Galvez, Maida P; Pearl, Meghan; Yen, Irene H. Current Opinion in Pediatrics. 22(2):202-207, April 2010. doi: 10.1097/MOP.0b013e328336eb6f

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March 21, 2010

Epigenetics and environmental health: The emerging science

The more we learn, the more we realize how much we don’t know.  A committee of the National Academy of Sciences held a workshop on July 30–31, 2009, to further understanding of the implications of epigenetic effects on public health and of the research that would be most important for efforts to inform public health leaders about epigenetic effects of chemicals.

What are the human health outcomes when genes (such as a tumor-suppressor gene) are turned on or off at different stages in life and in various tissues? Scientific evidence on animals and humans suggests that epigenetic changes are important and may be passed from one generation to the next.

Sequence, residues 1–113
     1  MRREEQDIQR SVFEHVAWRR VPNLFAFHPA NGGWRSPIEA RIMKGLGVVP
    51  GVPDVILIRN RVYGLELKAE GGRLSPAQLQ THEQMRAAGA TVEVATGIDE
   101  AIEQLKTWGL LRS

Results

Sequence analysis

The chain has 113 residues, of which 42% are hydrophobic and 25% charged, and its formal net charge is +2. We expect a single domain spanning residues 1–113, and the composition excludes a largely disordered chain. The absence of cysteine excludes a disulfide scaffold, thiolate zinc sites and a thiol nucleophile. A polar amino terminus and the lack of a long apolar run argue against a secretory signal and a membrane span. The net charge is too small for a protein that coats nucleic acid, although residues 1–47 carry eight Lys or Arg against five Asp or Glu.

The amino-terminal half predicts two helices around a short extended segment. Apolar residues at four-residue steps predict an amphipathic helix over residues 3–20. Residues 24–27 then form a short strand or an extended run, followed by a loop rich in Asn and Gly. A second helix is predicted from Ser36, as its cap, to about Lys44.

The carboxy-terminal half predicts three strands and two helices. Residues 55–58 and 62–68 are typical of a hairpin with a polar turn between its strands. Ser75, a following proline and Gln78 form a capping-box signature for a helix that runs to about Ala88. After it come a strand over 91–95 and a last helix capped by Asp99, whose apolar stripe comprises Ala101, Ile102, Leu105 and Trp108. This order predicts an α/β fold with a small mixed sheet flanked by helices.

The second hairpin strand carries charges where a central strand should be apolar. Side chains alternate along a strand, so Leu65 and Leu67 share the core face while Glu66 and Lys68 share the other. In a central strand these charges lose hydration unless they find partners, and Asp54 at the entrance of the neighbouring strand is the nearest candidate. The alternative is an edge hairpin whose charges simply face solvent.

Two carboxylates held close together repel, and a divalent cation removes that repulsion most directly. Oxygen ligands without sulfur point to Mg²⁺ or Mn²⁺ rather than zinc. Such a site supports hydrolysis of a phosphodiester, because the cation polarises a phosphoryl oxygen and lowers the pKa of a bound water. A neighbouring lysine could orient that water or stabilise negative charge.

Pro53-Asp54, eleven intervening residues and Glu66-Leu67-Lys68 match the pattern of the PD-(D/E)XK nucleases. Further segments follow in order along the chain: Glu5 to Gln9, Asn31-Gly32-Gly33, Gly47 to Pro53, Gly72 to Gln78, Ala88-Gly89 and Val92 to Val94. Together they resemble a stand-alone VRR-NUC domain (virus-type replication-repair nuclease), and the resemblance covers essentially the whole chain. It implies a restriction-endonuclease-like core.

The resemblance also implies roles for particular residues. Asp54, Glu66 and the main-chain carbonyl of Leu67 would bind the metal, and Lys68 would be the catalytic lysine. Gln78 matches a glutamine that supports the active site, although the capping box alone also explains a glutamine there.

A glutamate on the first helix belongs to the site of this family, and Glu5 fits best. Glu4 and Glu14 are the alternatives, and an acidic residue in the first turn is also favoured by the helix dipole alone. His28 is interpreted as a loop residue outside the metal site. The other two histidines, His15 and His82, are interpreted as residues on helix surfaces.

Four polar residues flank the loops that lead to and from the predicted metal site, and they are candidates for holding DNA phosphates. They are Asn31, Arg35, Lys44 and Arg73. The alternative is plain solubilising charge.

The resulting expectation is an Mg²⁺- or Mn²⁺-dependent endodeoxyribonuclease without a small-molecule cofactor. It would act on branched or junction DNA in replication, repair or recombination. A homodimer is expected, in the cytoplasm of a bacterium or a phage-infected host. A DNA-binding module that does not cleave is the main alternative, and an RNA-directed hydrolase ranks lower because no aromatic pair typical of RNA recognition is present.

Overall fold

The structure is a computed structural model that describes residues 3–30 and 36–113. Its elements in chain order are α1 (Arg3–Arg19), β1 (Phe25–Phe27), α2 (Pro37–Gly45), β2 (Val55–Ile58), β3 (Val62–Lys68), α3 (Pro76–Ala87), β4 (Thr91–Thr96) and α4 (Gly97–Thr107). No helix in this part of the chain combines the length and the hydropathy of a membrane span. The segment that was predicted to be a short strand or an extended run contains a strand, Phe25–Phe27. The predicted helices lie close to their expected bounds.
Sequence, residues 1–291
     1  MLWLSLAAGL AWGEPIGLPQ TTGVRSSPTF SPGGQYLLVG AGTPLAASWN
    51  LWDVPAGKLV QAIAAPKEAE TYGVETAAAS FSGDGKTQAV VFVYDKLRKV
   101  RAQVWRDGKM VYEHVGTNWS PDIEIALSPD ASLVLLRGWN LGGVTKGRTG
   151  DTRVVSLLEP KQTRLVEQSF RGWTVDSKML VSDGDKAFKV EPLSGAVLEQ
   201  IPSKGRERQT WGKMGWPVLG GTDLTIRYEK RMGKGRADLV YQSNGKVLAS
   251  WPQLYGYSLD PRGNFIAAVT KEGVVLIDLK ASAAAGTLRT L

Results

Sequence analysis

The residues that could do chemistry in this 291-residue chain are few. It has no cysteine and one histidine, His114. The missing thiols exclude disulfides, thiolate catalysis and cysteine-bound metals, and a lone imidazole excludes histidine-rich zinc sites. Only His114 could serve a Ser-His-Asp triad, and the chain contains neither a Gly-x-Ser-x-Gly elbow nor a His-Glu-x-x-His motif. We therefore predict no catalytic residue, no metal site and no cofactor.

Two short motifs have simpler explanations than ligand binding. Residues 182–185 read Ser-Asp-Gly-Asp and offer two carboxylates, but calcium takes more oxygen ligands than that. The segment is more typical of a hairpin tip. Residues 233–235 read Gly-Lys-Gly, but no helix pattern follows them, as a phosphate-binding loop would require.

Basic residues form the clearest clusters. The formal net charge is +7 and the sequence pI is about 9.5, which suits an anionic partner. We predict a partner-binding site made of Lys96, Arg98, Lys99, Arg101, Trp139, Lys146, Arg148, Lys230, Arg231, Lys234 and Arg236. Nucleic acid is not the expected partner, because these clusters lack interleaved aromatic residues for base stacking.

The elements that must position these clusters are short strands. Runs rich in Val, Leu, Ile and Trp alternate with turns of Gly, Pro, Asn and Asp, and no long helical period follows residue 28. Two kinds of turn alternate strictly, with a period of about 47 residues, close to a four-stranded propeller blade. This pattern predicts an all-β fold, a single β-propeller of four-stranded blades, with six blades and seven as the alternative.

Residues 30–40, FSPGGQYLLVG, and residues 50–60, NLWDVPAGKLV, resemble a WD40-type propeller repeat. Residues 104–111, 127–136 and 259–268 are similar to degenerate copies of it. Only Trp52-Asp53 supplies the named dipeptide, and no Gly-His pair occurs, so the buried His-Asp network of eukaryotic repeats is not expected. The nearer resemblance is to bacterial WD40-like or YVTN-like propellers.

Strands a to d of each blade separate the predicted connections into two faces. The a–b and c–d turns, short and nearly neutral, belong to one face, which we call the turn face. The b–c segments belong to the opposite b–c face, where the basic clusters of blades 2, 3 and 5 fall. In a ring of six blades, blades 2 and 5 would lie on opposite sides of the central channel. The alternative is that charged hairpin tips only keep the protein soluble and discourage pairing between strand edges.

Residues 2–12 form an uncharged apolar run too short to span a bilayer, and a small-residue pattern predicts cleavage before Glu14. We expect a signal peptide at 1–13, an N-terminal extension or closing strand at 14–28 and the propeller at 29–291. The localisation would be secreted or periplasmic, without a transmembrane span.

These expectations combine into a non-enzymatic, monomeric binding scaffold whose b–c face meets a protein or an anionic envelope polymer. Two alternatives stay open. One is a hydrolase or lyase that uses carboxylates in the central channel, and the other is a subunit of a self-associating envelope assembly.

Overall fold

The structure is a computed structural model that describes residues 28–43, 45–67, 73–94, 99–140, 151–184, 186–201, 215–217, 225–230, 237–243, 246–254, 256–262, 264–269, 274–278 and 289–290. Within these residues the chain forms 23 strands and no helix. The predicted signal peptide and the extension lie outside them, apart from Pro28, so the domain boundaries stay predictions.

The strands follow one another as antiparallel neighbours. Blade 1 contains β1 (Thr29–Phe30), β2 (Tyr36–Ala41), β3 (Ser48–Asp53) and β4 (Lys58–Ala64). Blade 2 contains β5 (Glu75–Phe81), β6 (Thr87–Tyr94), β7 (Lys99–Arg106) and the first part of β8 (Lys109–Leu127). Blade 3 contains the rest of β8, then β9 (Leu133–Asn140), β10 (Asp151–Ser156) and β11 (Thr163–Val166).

The newsletter cited below gets a little technical, but provides an excellent overview of issues surrounding epigenetics.  I’ve summarized some of it.  (Most of this is over my head, but I think it’s evidence that we don’t have a full understanding of how the human body works and even less of an idea about how all sorts of environmental factors can affect it.)

Highlights of the meeting

  • What epigenetics is and how it works
  • Differences between genetics and epigenetics during animal development
  • DNA methylation, histone modifications, and transgenerational potential of effects

Possible Causes and Outcomes of Epigenetic Changes

Participants discussed how environmental chemicals, estrogenic compounds, and even social factors, such as child abuse and maternal care, may cause epigenetic changes.